Service providers look to address ‘innovation crisis’ with discovery automation

By Vassia Barba contact

- Last updated on GMT

(Image: Getty/tiero)
(Image: Getty/tiero)

Related tags: Arctoris, Molecule, Intellectual property, Software

Lack of reproducibility in drug discovery has thrown the industry into crisis, scientists from Molecule and Arctoris claim, and suggest their discovery platform answers this challenge.

Arctoris has developed a drug discovery platform enabling design and execution of cell-based, molecular biology and biochemical assays, leveraging robotic technology.

Data generated by these assays is then visualized and analyzed on a cloud platform, allowing for transparency, precision, and consistency in preclinical R&D, according to the company.

On its side, Molecule holds an IP ownership platform, which enables stakeholders in drug development to collaborate and share ownership of the IP that they are working to develop.

The platform aims to facilitate and streamline funding and collaboration between academic medical centers, universities, and early-stage biotech startups, by ‘fractionalizing’ IP ownership, distributing shares in IP to parties who wish to collaborate.

The partnership will see the two companies combine their technologies to create a ‘modular pipeline’ for distributed therapeutics development. They will bring in universities, patient advocacy groups, pharmaceutical and biotechnological companies, as well as investors.

Commenting on the potential of the joint offering, Martin-Immanuel Bittner, CEO of Arctoris, told us that holders of pharmaceutical IP will be able to raise funding for drug development by selling shares in pharmaceutical IP at any stage of development.

Moreover, they will be able to find collaborators, such as other universities and academic medical centers to co-develop therapeutics, “sharing in the risks and rewards in a more open R&D process.”

Ultimately, the collaborative work of the CROs will enable holders of pharmaceutical IP run fully validated drug discovery experiments to generate structured, standardized, and reproducible data underpinning their drug discovery project, and complete or create bounties for specific drug development-related tasks.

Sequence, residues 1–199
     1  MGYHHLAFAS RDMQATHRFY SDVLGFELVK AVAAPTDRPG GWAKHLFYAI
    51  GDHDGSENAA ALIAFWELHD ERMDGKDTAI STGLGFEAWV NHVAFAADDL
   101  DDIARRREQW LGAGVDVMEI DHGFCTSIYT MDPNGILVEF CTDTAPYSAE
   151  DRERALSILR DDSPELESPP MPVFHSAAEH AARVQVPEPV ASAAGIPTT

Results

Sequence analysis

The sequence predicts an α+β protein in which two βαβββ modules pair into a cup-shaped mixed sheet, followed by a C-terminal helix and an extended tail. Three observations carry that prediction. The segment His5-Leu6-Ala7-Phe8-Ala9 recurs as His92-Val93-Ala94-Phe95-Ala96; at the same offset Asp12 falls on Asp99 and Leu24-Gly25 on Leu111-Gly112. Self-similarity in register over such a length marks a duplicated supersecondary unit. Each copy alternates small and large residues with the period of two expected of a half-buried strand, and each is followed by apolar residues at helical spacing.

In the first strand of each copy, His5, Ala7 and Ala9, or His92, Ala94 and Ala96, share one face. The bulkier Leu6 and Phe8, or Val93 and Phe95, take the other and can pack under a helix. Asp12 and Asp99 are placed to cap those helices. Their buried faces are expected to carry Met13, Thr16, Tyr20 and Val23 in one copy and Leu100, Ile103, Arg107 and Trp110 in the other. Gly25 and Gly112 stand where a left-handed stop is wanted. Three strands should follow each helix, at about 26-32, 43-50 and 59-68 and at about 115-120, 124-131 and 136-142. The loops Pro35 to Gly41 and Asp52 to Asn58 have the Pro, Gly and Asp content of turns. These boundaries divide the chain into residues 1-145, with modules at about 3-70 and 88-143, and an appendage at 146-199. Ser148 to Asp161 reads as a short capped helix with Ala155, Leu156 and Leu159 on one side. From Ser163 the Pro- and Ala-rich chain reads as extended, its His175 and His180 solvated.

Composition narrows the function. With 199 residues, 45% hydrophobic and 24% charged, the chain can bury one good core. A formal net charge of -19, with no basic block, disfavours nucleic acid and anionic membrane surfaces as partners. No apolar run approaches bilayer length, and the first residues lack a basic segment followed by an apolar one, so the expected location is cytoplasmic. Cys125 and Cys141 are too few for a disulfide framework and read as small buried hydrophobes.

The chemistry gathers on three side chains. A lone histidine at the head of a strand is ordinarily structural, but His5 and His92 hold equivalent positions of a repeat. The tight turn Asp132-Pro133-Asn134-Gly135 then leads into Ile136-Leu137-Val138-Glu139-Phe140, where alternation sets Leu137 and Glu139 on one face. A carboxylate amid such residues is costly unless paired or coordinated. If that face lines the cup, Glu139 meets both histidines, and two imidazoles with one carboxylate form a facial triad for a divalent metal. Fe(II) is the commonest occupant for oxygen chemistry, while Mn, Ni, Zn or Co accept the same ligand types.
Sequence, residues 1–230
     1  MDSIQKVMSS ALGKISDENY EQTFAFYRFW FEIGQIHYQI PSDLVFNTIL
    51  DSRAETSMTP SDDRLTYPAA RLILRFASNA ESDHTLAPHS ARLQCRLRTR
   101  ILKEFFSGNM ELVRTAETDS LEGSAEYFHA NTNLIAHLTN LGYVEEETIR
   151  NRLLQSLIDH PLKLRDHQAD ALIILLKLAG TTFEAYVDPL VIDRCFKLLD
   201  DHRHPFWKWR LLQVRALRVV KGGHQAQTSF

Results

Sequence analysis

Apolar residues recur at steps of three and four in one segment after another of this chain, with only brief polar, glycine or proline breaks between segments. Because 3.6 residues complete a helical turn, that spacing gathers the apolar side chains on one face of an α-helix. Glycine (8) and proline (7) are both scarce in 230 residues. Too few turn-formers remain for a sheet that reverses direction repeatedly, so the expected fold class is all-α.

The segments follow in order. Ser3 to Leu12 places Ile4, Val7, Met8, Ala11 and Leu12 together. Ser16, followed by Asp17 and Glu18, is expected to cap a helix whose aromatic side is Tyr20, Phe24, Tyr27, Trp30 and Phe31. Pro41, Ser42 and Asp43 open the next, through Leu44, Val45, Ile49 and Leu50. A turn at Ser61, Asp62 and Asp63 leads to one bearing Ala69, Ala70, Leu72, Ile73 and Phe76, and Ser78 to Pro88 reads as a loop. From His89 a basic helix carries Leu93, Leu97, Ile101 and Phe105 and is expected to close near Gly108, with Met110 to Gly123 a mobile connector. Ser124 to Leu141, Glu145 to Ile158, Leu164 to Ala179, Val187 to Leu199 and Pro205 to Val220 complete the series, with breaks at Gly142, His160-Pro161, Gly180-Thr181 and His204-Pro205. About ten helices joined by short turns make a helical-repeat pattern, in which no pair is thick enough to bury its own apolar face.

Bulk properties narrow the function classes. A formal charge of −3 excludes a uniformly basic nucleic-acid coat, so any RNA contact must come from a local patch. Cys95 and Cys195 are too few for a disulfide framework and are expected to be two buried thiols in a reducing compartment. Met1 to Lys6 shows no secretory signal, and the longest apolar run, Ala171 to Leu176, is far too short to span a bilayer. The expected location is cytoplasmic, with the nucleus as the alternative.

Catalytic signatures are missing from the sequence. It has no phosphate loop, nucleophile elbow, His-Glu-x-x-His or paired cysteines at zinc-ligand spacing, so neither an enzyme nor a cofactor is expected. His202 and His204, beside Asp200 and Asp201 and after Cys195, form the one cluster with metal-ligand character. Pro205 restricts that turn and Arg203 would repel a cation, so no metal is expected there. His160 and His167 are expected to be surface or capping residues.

According to Bittner, the companies are currently evaluating projects that would be appropriate for this use case, and plan to launch a first proof-of-concept use case in the next six months.

Drug discovery under pressure

Asked about the ‘innovation crisis’ that the companies aim to address, Arctori’s CEO told us that the drug discovery ecosystem is ‘under huge pressure’, as the industry enters the era of precision medicine and the end of the ‘one-size-fits-all’ approach for therapeutics.

“Instead of developing one blockbuster drug, our increasing understanding of patient subgroups means we need to develop a much larger number of drugs to treat very specific mutations or conditions in a targeted way,”​ Bittner commented.

According to the executive, this poses great challenges for the whole industry, compounded by rising costs and the widespread lack of reproducibility of research findings.

“In other words, the current number of drugs approved each year (only about 40 new drugs are approved by the FDA per year) is not even a fraction of what we will need in the future,” ​he concluded.

 

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